17th Week, Friday, Jul 31

Jeremiah 26:1-9 / Matthew 13:54-58 
Jeremiah prophesies trouble:The people threatened Jeremiah.

When Samuel Morse explained his plans for telegraph communication in 1842, some people ridiculed him. When Bell Telephone applied for a patent in 1876, some communication experts dismissed the telephone idea as a toy. When Thomas Edison outlined his plans for an incandescent light in 1878, the British Parliament laughed at the idea. Something like that happened to Jeremiah in today's reading. He was not only ridiculed but threatened with death for speaking out in God's name.
How do we respond when people make fun of us for doing or saying what we think is right?
"Happy are those who are persecuted because they do what God requires; the Kingdom of heaven belongs to them!"
Matthew 5:10
If someone were to ask you who preached the homily at Mass last Sunday, you might take a while to recall which priest it was.
But if the next question would be "So what did he preach about?" then we really have to crank up our memory in order to recall what we heard. And ten other persons who were there listening to the same homily would have ten versions of what was preached.

That could mean that people are doing their own reflections about the Word of God. Yet people also tend to listen with varying degrees of openness and receptivity. And that depends largely on who is speaking.

In the two readings of today, we see two types of people who are not open to what is said. In the 1st reading is the type who is not open to correction, and hence do not want to hear the truth.

In the gospel is the type who is not open to the person, and hence is not open to the truth. We have a bit of both in each of us. But when we challenge ourselves to listen to what is said and not how it is said or who is saying it, then we will be able to hear the truth. Then we will hear the prophetic voice of God.
Friday July 31

Friday of 17th Week in Ordinary Time


Today the prophet Jeremiah warns the people that their trust in the temple as God’s presence among them is of no value unless they make God present in their lives by living their religion, and the temple will be destroyed as once the Philistines destroyed the sanctuary of Shiloh. The priests and the people threaten to kill Jeremiah.
Jesus is not welcome either among his people, in his town, his home country, for he is disturbing people’s consciences. He confronts them with the challenging reality of God and his ways. Christ shakes his people from their security in laws and outward practices. How dare he, one from their own town and street? Who does he think he is? Dare we to be the prophet’s voice needed today? Dare we to be unconventional?

Opening Prayer
Lord our God,
we are but timid people,
and yet you expect of us
to speak the word of your Son
by the witnessing of our lives.
We pray you for the courage
to live the kind of life
that your Son lived
and to follow him wherever he leads us
without the luggage of our securities.
Grant us this conviction
through Jesus Christ our Lord.

Both Jesus and Jeremiah were prophets who were not honored in their own country. Although the people were amazed at Jesus’ learning and insight, he was such a “local boy” that he could not be taken seriously. Jeremiah’s message was so threatening with reference to the temple and the city that it seemed sacrilegious and out of place. The best solution was to be rid of the prophet.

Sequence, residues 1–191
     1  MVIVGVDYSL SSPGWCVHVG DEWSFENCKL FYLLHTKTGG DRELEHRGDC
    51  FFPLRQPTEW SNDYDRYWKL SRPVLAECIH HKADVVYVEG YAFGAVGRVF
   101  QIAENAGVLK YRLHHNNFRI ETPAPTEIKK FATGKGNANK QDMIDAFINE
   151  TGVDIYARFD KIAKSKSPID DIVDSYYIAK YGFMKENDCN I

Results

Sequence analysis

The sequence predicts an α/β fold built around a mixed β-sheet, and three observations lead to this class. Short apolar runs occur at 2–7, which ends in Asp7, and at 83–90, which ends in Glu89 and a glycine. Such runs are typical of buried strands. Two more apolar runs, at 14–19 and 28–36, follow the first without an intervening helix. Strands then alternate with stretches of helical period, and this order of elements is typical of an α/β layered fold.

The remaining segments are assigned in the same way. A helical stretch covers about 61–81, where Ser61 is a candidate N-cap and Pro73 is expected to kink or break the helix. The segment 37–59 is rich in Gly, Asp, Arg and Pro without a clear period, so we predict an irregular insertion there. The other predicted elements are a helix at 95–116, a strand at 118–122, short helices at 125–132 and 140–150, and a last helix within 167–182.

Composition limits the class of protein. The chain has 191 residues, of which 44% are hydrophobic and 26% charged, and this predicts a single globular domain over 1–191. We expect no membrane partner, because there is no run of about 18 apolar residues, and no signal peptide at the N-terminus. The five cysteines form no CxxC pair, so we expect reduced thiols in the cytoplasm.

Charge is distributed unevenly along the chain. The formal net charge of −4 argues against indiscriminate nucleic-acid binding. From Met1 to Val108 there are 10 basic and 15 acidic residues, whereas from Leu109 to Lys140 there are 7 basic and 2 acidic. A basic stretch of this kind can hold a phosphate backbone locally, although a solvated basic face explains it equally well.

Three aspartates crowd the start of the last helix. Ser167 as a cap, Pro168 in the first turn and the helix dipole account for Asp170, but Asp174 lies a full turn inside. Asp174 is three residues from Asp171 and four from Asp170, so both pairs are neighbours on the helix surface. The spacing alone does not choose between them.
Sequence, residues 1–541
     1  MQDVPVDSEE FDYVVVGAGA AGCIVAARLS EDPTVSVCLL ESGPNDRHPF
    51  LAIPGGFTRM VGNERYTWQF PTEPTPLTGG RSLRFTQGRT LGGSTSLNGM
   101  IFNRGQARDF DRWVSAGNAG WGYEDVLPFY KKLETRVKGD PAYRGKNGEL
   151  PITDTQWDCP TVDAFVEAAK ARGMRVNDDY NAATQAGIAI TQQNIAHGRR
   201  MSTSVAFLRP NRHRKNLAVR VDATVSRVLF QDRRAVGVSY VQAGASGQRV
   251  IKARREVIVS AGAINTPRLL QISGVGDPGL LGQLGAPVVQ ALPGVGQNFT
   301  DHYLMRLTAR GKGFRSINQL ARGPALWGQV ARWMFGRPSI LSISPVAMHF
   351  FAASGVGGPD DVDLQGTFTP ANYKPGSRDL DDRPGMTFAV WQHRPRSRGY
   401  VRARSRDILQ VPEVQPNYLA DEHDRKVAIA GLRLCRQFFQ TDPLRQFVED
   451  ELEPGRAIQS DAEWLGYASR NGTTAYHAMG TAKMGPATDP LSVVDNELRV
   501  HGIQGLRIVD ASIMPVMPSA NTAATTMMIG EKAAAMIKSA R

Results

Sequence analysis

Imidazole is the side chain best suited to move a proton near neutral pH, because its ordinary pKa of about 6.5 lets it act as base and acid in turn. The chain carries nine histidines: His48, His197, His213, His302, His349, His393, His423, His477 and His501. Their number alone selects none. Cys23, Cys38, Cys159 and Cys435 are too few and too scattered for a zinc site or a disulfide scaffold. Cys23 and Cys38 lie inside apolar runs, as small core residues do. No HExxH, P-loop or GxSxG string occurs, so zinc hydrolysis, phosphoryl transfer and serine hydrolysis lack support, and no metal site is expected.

In many ways we are not much different. We settle into a particular way of thinking and make what we hear conform to that. We see acts of violence perpetrated against innocent people. When we wage a war we see only one side and fail to see the hurt that may be present in the opposition. We sometimes exploit the natural resources of poorer countries and then fail to understand their resentment.
Let us try to have an open and understanding spirit. The law of averages tells us that there are times when we will be right and times when we will be wrong. At least we want to try to comprehend what others are saying. It is surprising to see how much we can change and learn from others.

Points to Ponder
Opposition to Jeremiah
Jesus as the “local boy”
A willingness to learn and to change


– That the Spirit of Christ may inspire our leaders of the Church with prophetic zeal to lead our people to true Christian freedom, we pray:
– That there may be prophets also among us today, however annoying we may find them, to remind us of what God expects of us, we pray:
– That the world of today may not turn a deaf ear to the voices of prophets who plead for peace and justice for all, we pray:

Prayer over the Gifts
Lord our God,
we want this bread and wine to signify
that as we share your Son’s table
we also accept to be with him
signs of contradiction.
Let him change us
from weak and faint-hearted people
into people with the courage
to live as we believe
and to speak out boldly
for all that is right and good,
as Jesus did, your Son,
who lives with you and with us for ever.

Prayer after Communion
Lord our God,
your Son Jesus has spoken among us
prophetic words and deeds
of courage and self-giving.
Make us bold enough
to go with him his way to people,
even if the best of our Intercessions
are misunderstood.
We say so in fear and trembling,
but we want to be humble disciples
of Jesus Christ our Lord.

We should learn to listen to prophets, people who have something to say that is perhaps not pleasing but to the point. And we too should have the courage to speak up when needed, especially when we see injustice done to people. May almighty God give you this courage and bless you, the Father, and the Son, and the Holy Spirit.